Just One More Basket

When I was a kid I had three heroes.

My Dad. Chuck Berry. And Michael Jordan.

I started taking basketball seriously when I was 14 and, as fate would have it, this was just about the exact moment that Jordan broke into the league.

I bought every Sports Illustrated magazine with MJ on the cover. His posters covered my room. My first pair of high tops were Air Jordan 1’s (when they first came out!). When my junior high basketball team was picking jersey numbers and I got to go first cause I was the biggest kid on the team, I quickly chose number 23 to the chagrin of the other 11 kids who also wanted to grab Jordan’s signature number.

You don’t need to be a basketball nut to know who Michael Jordan is. Hell, my Mom who doesn’t know a jump shot from a touchdown could tell you exactly who MJ is. His reputation as a great player, a successful businessman, brand launcher, remarkably hard worker and motivator have all been part of the popular culture going on four decades now.

Outside of, possibly, Muhammed Ali, it’s hard to name another athlete who has had as significant an impact.

Jordan won the NBA scoring title a record 10 times. That is 30% more than the man currently in second place – the legendary Wilt Chamberlain – and more than double anyone else who has ever played in the league. Just for some context, Kobe Bryant, Shaquille O’Neal and Steph Curry – also legends – have each done it twice.

What I find interesting about this is, in those 10 years, he never outperformed the second place finisher by more than two baskets per game.

And, I believe, this small but significant fact reveals the true key to success in business, finance, relationships and fitness.

In a world filled with Amazon and Tesla trillionaires, of The Bachelor couples who whisk away to beautiful islands and gain 2 million Instagram followers, of Crossfit champions who can deadlift 500 pounds and run sub-five minute miles, success can feel like it is far, far away.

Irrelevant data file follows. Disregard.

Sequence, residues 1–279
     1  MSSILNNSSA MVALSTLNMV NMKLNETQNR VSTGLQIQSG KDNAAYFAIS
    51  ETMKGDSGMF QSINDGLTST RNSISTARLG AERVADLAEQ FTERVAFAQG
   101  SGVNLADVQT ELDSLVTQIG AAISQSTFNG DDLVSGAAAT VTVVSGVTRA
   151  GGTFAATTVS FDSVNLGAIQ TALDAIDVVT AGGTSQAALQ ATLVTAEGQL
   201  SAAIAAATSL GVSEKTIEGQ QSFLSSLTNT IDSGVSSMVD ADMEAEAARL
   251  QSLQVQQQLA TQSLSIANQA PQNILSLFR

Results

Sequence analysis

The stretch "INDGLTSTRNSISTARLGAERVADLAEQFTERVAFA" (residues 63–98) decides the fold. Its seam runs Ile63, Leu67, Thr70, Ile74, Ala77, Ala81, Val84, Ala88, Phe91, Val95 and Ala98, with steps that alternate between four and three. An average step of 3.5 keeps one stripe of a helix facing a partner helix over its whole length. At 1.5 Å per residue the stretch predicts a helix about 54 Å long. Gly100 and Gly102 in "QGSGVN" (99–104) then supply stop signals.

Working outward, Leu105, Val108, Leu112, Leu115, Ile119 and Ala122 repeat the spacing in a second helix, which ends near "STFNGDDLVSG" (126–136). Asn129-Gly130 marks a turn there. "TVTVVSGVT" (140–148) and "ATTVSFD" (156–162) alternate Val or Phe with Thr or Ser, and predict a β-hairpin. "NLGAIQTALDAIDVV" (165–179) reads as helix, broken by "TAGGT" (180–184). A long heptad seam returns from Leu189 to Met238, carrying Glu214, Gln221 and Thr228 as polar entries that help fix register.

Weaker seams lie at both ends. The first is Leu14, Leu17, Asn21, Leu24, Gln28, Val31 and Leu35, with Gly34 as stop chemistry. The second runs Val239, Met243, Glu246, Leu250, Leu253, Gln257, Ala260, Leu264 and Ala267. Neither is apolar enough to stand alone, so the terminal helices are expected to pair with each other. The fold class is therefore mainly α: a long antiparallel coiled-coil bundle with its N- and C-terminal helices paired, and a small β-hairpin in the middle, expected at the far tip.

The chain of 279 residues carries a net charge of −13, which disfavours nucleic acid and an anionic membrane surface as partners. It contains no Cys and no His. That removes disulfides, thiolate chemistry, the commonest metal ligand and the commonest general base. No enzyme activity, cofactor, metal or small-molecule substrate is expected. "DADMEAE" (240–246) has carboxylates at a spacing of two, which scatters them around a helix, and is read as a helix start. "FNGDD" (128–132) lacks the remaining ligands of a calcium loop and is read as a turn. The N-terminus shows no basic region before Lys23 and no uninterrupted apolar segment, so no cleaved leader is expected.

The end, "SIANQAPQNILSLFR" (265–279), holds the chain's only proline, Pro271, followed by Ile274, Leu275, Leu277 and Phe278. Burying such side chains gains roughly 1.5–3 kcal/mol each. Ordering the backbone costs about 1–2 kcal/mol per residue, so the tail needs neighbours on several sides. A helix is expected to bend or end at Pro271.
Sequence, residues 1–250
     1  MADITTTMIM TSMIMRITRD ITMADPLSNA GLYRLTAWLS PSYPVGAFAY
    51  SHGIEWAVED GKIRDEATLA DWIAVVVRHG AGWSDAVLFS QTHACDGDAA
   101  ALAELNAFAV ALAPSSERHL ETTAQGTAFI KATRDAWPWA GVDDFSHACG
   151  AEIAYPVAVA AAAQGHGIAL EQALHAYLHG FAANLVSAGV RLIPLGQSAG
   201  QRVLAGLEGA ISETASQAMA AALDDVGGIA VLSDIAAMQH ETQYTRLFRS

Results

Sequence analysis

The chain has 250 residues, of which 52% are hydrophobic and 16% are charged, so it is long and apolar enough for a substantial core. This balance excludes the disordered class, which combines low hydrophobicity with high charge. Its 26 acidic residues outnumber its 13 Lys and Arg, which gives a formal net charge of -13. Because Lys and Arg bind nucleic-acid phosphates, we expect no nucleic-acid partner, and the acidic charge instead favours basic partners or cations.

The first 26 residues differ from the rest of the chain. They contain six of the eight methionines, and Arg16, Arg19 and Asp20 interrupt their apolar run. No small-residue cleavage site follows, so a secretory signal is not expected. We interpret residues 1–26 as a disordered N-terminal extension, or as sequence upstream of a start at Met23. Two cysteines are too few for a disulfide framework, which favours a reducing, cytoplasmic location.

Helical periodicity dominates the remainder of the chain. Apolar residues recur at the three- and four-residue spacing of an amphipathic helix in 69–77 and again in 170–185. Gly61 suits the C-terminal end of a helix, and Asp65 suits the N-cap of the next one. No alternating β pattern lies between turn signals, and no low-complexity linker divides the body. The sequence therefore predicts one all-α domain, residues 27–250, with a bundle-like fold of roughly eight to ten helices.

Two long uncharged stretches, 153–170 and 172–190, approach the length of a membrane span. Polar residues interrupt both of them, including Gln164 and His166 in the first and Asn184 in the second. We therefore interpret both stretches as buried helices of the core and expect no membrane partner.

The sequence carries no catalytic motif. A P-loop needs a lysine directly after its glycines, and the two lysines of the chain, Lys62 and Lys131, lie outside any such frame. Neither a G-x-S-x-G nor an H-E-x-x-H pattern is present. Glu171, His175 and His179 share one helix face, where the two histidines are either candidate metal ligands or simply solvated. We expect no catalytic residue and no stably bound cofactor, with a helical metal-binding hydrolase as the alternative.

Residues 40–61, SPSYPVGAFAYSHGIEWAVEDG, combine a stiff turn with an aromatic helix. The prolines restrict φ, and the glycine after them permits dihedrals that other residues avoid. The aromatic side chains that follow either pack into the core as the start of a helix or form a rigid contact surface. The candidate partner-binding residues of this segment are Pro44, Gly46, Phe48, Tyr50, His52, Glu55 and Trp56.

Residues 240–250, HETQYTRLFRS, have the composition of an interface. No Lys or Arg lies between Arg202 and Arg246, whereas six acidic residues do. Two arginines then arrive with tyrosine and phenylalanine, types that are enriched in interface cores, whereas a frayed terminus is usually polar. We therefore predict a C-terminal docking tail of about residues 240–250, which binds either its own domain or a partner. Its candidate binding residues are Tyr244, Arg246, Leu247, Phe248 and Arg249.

And, if you do find yourself at the level of a Michael Jordan or Simone Biles or Elioud Kipchoge than a one or two percent increase in performance is a massive undertaking.

But for the vast majority of us, that’s just not the case.

For most, the difference between feeling stuck and getting unstuck, of being successful, of having the relationships we want and the feelings we want to feel is truly just a matter of one or two more baskets per game.

Are you going to the gym three times per week? Can you sneak in another hour and make it four?

Looking to lose 10 pounds? Can you pull an extra 100 cals per day out of your meals?

Can you call your Mom twice per week instead of once? Can you practice your instrument for an extra 15 minutes? Can you take an hour per week to learn something new? Can you sneak in a 20 minute walk in nature each day?

I realize that this advice seems trite and overly simple. But here’s the shit of it – it actually works.

In most cases, you don’t need some herculean effort to make some more money or add some muscle mass or drop a few pounds or increase your happiness. Most of us are just marginally away from making a meaningful change. Sure, not all of us – but most of us.

A short year ago, our gyms were practically empty. And certainly, some of the change from that time to where we are now has been a matter of circumstances. But so much of it can be linked to the fact that we simply just tried to take one or two steps forward each day. It’s remarkable how all that adds up.

It also completely removes the overwhelm of whatever it is you are trying to accomplish. It’s a lot easier trying to go from 8 clients to 10 than 8 clients to 200.

When Michael Jordan was inducted into the Basketball Hall of Fame he invited some high school friends to the ceremony. And while on the surface this seems really nice, this was not his motivation. These were guys who beat him out to make teams and now he was exacting his revenge by having them be present for his culminating achievement and calling all of them out from the stage.

Even at what should be considered one of his greatest accomplishments, Mike was still trying to find a way to get those extra couple of buckets.

But that’s not you. You’re gonna find more positive ways to celebrate your victories. Like by telling your Mom when you get that raise or get that extra workout in.

Now that you’re calling her twice per week, you’re gonna need something to talk about.